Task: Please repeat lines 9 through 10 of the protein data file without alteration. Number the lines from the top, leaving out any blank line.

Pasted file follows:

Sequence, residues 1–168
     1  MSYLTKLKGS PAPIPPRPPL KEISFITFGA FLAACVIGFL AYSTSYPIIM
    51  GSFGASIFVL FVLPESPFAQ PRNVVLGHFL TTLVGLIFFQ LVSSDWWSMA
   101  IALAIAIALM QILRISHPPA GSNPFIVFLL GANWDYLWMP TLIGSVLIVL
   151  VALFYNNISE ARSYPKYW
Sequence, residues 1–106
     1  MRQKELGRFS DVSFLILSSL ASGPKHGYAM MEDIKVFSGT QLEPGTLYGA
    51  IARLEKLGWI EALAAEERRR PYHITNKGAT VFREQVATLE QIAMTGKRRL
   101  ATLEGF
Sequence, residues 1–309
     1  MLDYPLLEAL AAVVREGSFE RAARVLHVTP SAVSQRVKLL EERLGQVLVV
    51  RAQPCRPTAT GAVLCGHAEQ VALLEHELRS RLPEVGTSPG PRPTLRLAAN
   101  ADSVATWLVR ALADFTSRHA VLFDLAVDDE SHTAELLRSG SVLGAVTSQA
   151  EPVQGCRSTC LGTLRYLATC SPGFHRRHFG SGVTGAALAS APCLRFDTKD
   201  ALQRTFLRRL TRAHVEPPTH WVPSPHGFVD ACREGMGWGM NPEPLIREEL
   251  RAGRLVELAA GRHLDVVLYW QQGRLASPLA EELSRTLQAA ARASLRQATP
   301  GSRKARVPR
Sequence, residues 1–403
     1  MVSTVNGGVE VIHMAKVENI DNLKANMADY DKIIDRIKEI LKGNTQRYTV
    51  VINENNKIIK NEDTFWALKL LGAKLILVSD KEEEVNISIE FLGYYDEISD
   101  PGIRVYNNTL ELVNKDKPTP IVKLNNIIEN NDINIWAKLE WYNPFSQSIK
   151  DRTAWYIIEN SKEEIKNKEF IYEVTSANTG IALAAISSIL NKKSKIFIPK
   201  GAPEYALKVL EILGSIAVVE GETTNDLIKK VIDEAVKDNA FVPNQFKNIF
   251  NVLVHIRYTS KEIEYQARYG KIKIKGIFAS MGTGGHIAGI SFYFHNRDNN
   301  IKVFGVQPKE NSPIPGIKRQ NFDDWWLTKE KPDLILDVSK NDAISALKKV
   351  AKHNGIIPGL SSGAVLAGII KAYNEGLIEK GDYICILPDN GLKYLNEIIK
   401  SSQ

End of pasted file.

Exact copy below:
   101  ATLEGF
Sequence, residues 1–309